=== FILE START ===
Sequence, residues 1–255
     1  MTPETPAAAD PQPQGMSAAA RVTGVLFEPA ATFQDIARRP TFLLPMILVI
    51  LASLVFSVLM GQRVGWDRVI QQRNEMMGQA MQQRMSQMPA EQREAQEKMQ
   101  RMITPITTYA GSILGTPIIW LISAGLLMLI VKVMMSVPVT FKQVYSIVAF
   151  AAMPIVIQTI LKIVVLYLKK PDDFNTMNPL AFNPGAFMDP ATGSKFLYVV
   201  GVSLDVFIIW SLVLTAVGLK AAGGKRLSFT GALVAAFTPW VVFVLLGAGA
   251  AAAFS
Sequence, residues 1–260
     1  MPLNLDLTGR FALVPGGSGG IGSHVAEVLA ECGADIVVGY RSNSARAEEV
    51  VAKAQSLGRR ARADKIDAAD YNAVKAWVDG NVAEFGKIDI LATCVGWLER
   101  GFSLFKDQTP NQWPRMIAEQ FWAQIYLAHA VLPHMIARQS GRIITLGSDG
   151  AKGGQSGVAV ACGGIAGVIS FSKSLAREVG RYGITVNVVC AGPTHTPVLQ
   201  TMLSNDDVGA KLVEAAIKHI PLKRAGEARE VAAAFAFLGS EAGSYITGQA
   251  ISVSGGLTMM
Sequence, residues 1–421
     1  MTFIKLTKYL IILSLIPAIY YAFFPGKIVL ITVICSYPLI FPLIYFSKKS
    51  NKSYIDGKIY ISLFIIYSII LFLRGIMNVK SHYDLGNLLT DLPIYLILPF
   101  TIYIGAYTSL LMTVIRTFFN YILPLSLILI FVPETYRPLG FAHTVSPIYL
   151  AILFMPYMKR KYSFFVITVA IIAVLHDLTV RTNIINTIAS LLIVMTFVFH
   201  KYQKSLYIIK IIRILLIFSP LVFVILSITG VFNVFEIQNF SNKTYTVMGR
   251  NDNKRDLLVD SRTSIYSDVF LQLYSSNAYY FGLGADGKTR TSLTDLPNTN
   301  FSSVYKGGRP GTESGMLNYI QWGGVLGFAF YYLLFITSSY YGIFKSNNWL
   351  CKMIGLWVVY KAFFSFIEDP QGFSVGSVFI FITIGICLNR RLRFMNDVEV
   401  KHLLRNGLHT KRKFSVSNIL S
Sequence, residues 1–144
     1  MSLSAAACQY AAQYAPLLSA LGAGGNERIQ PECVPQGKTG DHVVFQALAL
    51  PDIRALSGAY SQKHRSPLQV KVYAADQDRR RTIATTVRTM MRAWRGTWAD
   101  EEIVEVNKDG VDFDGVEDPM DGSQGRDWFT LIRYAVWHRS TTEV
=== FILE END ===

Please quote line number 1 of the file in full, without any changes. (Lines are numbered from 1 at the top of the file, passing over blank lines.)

Sequence, residues 1–255